Webber + Studio recently hired 6 new designers and we’ll be profiling them here and there over the next few months.
[spacer height=”20px”]When did you know you wanted to be an architect?
My Dad would say middle school is when I announced that I’d like to be either an architect or a Zamboni driver. He pointed out that they both had rigorous paths to licensure. By high school I realized that I wanted to be an artist without the artist lifestyle. I believe architects are artists that created a profession.
You’ve been here for 4 weeks. Is there anything that caught you off guard or surprised you about working at Webber + Studio?
Well, it was explained to me in the interview that the design process here starts with the most junior designer and moves up the chain, so that has been really interesting to see in person. I prefer the ground up and well rounded approach of having each designer touch every aspect of a project rather than coming in as a “CAD monkey”. I also appreciate the opportunity to take ownership of projects. Webber + Studio is very team oriented and gives each designer a lot of responsibility and ownership.
Now that you’ve had some time to get settled, are there any projects that get you excited? If yes, what are they and why?
There is a new project on Lake Belton that I’m really looking forward to. I like the anticipation of starting a project from the beginning. I’m excited to work on things that are clean, simple, and beautiful with a high level of design, craft, and detail.
I enjoyed getting to see the Webber + Studio 2015 AIA Homes Tour house in person. It was my first chance to walk through a finished project and it was great to see all of the hidden details that add to the work even though they’re not the first thing you see.
What are you most looking forward to achieving in the near future?
I really like organizational efficiency so I’m looking forward to further refining the Studio protocols and processes that in the end free us up to do great design.
You moved here from Houston. Do you have any favorite spots in Austin yet?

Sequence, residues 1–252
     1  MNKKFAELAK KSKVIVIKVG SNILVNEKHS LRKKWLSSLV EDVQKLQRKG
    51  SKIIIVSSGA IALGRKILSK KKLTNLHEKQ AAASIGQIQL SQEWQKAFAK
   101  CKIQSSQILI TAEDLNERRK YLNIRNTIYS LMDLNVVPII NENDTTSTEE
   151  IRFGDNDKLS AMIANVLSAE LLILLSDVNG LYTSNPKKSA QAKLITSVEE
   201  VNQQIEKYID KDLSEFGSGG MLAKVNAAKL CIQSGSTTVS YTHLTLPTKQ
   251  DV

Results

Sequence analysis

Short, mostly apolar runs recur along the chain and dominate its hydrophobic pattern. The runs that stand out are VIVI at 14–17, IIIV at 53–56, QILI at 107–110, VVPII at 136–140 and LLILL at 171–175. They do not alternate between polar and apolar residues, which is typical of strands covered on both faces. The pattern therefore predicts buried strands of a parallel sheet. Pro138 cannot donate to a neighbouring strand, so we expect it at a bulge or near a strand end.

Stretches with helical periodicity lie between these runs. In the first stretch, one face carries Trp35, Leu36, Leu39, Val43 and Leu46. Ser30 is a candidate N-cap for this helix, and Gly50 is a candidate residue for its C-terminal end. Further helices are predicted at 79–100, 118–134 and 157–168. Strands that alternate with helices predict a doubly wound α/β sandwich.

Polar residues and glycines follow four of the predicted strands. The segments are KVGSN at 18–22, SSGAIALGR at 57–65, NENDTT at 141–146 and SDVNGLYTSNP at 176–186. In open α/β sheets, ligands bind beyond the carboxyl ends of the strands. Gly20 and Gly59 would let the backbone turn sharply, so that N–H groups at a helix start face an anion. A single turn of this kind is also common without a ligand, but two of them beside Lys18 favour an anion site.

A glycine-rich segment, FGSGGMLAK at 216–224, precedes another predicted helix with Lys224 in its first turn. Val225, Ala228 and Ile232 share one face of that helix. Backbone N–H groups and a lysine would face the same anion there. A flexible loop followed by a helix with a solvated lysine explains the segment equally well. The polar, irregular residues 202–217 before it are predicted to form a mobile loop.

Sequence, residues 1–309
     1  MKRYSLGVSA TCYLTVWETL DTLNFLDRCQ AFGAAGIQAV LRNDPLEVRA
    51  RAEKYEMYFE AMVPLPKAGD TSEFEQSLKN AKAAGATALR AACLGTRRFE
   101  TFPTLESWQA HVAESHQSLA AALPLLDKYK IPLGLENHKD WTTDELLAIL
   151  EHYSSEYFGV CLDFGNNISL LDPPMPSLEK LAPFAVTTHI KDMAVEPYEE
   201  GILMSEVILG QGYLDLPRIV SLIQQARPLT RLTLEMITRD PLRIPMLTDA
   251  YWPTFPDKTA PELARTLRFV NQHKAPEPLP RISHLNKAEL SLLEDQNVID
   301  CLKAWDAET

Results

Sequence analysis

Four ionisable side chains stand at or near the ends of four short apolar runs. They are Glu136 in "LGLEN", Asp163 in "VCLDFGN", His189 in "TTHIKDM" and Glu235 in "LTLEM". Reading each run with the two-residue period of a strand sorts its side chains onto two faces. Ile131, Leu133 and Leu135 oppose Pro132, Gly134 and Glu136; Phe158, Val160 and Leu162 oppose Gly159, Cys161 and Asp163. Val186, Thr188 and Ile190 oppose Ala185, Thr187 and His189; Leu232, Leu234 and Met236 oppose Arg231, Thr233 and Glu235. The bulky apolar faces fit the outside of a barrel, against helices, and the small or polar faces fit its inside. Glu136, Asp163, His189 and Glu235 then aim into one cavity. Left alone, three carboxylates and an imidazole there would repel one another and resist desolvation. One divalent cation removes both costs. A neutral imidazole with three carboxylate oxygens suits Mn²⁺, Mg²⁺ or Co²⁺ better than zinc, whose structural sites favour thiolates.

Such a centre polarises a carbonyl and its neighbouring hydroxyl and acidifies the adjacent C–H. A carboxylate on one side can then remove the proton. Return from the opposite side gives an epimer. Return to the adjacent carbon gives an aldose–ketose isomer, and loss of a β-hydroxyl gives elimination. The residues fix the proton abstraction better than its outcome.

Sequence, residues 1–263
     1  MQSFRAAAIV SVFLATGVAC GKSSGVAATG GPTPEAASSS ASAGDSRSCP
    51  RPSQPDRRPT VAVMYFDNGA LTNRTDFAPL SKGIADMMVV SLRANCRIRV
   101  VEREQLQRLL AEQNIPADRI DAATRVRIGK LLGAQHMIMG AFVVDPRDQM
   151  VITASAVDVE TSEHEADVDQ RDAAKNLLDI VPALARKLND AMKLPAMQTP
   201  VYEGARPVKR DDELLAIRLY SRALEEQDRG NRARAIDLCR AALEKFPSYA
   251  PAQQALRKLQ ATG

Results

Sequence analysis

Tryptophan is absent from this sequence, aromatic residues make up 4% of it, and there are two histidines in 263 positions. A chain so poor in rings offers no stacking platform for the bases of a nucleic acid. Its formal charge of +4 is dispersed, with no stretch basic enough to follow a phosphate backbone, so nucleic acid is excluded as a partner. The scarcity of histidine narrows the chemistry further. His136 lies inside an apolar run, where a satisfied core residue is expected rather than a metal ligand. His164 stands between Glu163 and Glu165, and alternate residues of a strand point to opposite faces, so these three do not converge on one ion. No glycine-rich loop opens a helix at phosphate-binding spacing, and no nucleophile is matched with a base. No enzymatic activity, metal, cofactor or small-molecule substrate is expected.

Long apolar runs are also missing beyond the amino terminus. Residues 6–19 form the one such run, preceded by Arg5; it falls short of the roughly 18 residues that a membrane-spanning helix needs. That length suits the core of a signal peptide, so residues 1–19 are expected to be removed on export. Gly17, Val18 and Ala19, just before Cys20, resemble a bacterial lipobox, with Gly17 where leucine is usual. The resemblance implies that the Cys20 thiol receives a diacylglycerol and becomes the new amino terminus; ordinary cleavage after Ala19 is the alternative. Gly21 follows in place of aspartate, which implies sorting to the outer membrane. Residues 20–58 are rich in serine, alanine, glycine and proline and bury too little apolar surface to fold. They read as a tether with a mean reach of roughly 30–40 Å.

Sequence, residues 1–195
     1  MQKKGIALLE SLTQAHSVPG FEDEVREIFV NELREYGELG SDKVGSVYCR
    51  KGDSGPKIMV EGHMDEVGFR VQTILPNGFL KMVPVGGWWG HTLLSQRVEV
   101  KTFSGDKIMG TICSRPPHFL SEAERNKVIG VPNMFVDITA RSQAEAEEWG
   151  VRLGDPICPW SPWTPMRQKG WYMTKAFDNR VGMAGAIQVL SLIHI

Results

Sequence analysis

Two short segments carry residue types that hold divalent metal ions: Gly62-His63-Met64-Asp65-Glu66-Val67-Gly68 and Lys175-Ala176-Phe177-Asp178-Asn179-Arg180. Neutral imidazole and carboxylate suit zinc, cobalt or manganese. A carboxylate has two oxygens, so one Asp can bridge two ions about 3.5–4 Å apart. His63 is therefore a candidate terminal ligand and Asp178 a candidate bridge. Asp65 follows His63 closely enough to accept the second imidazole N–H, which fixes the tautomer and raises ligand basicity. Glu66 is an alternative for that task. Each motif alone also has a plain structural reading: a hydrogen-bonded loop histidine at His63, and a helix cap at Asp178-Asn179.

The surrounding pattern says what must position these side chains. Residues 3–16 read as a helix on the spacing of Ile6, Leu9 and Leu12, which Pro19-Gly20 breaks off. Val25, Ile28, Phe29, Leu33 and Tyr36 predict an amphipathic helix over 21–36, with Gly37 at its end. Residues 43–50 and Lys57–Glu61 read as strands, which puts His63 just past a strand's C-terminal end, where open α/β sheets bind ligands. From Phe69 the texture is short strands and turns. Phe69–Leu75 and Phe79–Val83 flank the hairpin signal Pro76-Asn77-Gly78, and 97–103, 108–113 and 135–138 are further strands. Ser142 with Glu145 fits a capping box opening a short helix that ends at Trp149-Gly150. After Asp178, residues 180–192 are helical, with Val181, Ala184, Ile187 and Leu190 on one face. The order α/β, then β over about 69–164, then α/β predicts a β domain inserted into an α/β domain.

The Greenbelt. Hands down. I love trail running. The focus required to avoid “eating it” helps to clear my mind.
Welcome to Oculus
28th Annual AIA Austin Homes Tour
A Home For a Tango Dancer
Technology + Design
Challenges + Solutions in a 1909 Clarksville Bungalow
A Downtown Austin Loft Remodel
A Modern Take on a Hunting Lodge
Houzz Feature on an A.D. Stenger Remodel
Design for the People
Studio Insight: Vals Hope
Things We Love: Woven
Dubai Called. They Would Like Some Villas
Studio Insight: Modern Life, Nature, and the Built Environment
Studio Insight: Kevin Watters
A Tale of Two Buildings
Architecture in Schools: Week 1
Studio Insight: Ayesha Erkin
Architecture in Schools: Weeks 2 + 3
Architecture in Schools: Week 4
Studio Insight: Mari Russ
Architecture in Schools: Week 5
Studio Insight: Jackelinne Su
Studio Insight: Ray Linares
Great Fence? Great Neighbor.
Luxe Magazine Spring 2016
Studio Insight: Peter Zumthor
Horseshoe Bay: A View of a Waterfront Retreat
We’re Hiring! + Junior Staff Designer
We’re Hiring! + Project Architect
International Day of Happiness : 2018
We’re Hiring! + Junior Project Designer
Webber + Studio receives 2019 AIA Austin Firm Achievement Award
AIA Austin Homes Tour 2019
Our Response COVID-19
Safer at Home
W+S & Redfin: Building a House with Minimal Space
W+S in Dwell
Freedom of the Unknown
Listen First, Design Second
Designing for Our Past, Present, and Future
Anatomy of a Site Visit
Creative Reuse and Reusing Creatively
Trust in the Process
Designing a Team
Designing a Policy
Design Deep Dive: Westwood Country Club Marina
What is Beautiful Architecture?
Notes on Gratitude
Business in the Front, Party in the Back
What Makes Architecture Unique?
Toyath Residence on Rethinking the Future
Ask These 9 Questions BEFORE You Hire an Architect in Austin
The Psychology of Architecture